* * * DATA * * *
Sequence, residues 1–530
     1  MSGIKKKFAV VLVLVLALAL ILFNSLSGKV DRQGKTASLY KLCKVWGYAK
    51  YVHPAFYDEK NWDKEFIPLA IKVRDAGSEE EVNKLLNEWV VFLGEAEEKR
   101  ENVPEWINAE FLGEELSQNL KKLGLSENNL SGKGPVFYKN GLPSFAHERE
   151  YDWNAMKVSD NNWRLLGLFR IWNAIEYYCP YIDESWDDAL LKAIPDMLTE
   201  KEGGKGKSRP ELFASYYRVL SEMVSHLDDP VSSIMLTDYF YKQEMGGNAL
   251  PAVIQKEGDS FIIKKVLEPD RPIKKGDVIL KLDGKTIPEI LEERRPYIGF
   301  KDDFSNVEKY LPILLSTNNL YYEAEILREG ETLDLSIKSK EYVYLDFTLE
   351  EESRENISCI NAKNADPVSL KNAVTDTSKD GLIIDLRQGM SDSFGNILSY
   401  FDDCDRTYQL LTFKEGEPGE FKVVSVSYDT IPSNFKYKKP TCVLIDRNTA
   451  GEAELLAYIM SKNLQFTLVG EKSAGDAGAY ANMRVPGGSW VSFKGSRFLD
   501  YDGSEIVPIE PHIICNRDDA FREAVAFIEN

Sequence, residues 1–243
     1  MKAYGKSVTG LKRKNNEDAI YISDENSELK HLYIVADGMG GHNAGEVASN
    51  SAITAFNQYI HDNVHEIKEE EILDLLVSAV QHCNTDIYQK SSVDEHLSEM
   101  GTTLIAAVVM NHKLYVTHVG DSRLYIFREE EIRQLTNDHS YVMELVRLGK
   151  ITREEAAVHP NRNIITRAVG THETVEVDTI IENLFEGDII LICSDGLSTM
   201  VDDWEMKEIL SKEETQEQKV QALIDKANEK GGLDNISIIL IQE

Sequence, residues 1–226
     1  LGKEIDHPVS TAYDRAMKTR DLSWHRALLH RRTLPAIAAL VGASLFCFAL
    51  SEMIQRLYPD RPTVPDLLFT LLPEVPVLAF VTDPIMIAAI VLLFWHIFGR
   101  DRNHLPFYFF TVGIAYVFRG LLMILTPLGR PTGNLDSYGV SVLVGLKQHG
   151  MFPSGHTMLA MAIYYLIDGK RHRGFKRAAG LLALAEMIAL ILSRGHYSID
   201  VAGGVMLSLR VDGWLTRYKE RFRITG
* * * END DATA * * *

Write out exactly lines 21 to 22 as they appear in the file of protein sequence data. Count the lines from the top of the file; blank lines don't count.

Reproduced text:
    51  SEMIQRLYPD RPTVPDLLFT LLPEVPVLAF VTDPIMIAAI VLLFWHIFGR
   101  DRNHLPFYFF TVGIAYVFRG LLMILTPLGR PTGNLDSYGV SVLVGLKQHG